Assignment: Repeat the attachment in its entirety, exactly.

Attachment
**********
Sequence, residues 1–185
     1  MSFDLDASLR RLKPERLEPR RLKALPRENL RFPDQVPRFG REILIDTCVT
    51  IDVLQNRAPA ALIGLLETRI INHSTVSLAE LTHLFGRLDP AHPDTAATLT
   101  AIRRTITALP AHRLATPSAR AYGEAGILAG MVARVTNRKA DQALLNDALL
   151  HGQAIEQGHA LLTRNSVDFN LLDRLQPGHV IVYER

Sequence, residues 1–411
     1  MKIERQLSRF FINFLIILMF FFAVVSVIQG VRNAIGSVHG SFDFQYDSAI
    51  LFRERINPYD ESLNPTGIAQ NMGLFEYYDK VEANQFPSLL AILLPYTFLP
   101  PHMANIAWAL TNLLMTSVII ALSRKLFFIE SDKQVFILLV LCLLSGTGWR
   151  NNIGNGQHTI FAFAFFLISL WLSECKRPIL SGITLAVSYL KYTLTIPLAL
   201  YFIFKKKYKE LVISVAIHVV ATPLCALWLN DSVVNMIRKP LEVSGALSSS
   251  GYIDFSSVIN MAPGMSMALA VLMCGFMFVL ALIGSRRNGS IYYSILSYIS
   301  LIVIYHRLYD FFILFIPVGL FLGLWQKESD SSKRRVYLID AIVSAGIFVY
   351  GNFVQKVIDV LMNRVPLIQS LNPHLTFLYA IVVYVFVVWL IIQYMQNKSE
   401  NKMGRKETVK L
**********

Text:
Sequence, residues 1–185
     1  MSFDLDASLR RLKPERLEPR RLKALPRENL RFPDQVPRFG REILIDTCVT
    51  IDVLQNRAPA ALIGLLETRI INHSTVSLAE LTHLFGRLDP AHPDTAATLT
   101  AIRRTITALP AHRLATPSAR AYGEAGILAG MVARVTNRKA DQALLNDALL
   151  HGQAIEQGHA LLTRNSVDFN LLDRLQPGHV IVYER

Sequence, residues 1–411
     1  MKIERQLSRF FINFLIILMF FFAVVSVIQG VRNAIGSVHG SFDFQYDSAI
    51  LFRERINPYD ESLNPTGIAQ NMGLFEYYDK VEANQFPSLL AILLPYTFLP
   101  PHMANIAWAL TNLLMTSVII ALSRKLFFIE SDKQVFILLV LCLLSGTGWR
   151  NNIGNGQHTI FAFAFFLISL WLSECKRPIL SGITLAVSYL KYTLTIPLAL
   201  YFIFKKKYKE LVISVAIHVV ATPLCALWLN DSVVNMIRKP LEVSGALSSS
   251  GYIDFSSVIN MAPGMSMALA VLMCGFMFVL ALIGSRRNGS IYYSILSYIS
   301  LIVIYHRLYD FFILFIPVGL FLGLWQKESD SSKRRVYLID AIVSAGIFVY
   351  GNFVQKVIDV LMNRVPLIQS LNPHLTFLYA IVVYVFVVWL IIQYMQNKSE
   401  NKMGRKETVK L